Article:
NEW YORK (TheStreet) -- According to eHealthInsurance.com, its customers paid an average $271 for individual coverage and $667 for family coverage in the first 30 days after the Affordable Care Act open enrollment period.
That's up 38% for individual health care plans from 2013, and a rise of 57% in costs paid out on family health care plans. Health care deductibles are up significantly, too. The average annual deductible for individual plans rose 35% from last year, to $4,164. For family plans, deductibles rose to $7,771, eHealth says.
But the exchange notes that its report "provides insights into the large segment of the individual and family health insurance market which may not qualify for or elect to use government subsidies, and which may shop for coverage through sources other than government exchanges."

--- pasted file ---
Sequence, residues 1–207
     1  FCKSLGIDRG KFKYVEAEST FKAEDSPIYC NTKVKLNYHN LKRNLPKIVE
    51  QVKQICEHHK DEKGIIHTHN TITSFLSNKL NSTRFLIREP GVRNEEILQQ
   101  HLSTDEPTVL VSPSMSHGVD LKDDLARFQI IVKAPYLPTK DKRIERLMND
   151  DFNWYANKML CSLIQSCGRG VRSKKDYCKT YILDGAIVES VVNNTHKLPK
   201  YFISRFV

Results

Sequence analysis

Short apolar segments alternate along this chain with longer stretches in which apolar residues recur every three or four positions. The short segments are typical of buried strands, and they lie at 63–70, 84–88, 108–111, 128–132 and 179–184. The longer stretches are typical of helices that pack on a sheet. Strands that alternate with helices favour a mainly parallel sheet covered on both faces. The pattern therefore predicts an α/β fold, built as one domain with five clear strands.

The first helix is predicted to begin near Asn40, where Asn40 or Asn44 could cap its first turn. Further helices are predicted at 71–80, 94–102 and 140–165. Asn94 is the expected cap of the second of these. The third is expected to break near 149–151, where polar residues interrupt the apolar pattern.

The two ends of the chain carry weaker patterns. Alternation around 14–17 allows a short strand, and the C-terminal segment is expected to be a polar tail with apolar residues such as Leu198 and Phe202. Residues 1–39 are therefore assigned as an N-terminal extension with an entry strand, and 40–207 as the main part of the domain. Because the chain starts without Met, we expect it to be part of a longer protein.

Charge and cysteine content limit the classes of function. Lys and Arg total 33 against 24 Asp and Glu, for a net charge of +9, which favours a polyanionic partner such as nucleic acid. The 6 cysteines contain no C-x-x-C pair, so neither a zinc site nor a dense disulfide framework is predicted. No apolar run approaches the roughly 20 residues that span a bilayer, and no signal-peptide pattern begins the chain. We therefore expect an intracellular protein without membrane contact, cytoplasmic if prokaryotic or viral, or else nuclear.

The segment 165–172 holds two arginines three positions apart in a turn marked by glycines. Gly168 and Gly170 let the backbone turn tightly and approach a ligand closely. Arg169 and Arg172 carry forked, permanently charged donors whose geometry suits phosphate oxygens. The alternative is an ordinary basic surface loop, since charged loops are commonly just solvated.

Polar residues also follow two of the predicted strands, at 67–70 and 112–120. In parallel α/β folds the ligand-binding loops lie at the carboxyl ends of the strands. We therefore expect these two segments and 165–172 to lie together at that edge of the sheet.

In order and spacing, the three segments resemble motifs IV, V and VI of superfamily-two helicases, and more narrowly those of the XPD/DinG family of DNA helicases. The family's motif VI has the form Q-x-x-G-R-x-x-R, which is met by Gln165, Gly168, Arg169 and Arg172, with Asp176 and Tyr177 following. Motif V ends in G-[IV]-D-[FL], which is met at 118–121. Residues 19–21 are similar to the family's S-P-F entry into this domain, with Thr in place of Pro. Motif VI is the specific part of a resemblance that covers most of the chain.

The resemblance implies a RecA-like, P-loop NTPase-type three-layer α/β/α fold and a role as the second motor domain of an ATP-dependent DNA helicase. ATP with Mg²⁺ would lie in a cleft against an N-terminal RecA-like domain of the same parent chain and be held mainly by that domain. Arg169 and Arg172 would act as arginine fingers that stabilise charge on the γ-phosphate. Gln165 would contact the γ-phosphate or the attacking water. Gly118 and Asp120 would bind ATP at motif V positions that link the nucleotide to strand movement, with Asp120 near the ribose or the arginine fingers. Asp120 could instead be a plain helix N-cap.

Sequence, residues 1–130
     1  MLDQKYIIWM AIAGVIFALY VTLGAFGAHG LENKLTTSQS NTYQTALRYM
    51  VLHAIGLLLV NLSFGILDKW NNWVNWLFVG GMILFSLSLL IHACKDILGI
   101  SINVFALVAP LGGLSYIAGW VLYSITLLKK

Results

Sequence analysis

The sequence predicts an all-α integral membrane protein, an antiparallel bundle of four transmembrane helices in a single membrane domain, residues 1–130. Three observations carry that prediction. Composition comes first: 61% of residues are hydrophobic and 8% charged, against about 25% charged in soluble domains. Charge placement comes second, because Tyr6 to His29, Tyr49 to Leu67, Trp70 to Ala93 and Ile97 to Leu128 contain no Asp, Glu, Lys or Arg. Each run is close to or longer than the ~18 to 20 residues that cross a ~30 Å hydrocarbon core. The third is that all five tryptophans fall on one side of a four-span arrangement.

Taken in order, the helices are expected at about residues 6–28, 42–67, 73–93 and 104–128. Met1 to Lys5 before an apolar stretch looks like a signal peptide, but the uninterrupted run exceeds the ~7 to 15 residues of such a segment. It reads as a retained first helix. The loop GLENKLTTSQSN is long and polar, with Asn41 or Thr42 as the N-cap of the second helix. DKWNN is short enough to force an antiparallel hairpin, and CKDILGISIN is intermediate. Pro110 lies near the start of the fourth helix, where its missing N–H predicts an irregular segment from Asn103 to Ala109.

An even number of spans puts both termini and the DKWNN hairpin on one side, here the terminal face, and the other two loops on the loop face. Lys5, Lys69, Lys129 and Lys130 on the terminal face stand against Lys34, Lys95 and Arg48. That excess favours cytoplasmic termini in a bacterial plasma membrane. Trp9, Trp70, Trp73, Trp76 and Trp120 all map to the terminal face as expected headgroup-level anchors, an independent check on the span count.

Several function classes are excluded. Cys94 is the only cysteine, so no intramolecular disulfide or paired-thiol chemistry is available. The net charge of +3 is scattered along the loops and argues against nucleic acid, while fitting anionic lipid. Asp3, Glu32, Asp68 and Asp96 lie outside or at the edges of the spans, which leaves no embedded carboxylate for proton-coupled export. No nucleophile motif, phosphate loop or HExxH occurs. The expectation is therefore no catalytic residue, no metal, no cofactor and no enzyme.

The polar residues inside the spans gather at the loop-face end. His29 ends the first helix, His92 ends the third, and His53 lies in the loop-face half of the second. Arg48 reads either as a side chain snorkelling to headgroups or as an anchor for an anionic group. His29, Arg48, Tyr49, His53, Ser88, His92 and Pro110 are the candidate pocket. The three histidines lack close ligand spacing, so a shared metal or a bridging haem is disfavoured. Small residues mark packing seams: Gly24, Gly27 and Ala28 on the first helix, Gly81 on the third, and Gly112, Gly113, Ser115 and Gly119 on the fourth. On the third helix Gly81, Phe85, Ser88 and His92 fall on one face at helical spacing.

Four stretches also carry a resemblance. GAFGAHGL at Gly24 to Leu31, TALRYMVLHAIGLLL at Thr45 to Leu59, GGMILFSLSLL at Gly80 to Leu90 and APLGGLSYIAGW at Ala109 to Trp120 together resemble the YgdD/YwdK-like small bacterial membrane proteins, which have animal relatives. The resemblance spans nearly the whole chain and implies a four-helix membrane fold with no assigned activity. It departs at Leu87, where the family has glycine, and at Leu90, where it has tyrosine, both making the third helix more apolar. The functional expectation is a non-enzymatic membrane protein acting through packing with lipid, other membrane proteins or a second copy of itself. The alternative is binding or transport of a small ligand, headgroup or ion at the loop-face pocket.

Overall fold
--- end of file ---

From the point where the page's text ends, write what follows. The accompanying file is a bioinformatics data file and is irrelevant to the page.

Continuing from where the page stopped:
The report also has some good news on health insurance reform: The 18- to 34-year-old demographic -- generally the healthiest and least likely to have health insurance, but the demographic the health care system needs because it'll pay in without gobbling up resources -- seem to be playing ball.
The report says that group makes up 42% of new plan signees throughout the open enrollment period.
But like most Americans, health care consumers are opting to go as low as they can on price in choosing plans. eHealth says that so-called bronze plans were the most popular choice among consumers (the different health care plan categories are named after metals, with bronze the cheapest and platinum the most expensive.)
On a state level, Alaskans were paying the highest premiums for individual plans, at $452 per month. New Jersey residents paid the most for family plans, at a monthly average of $987.
Minnesota offers the lowest average costs for individual plans, at $191 per month. Oklahomans paid the lowest amount for family plans, at $476 per month.
Across genders, health care plan users tilt toward women, making up 52% of all eHealth plan participants, compared with the 48% that are men.
The report is here.
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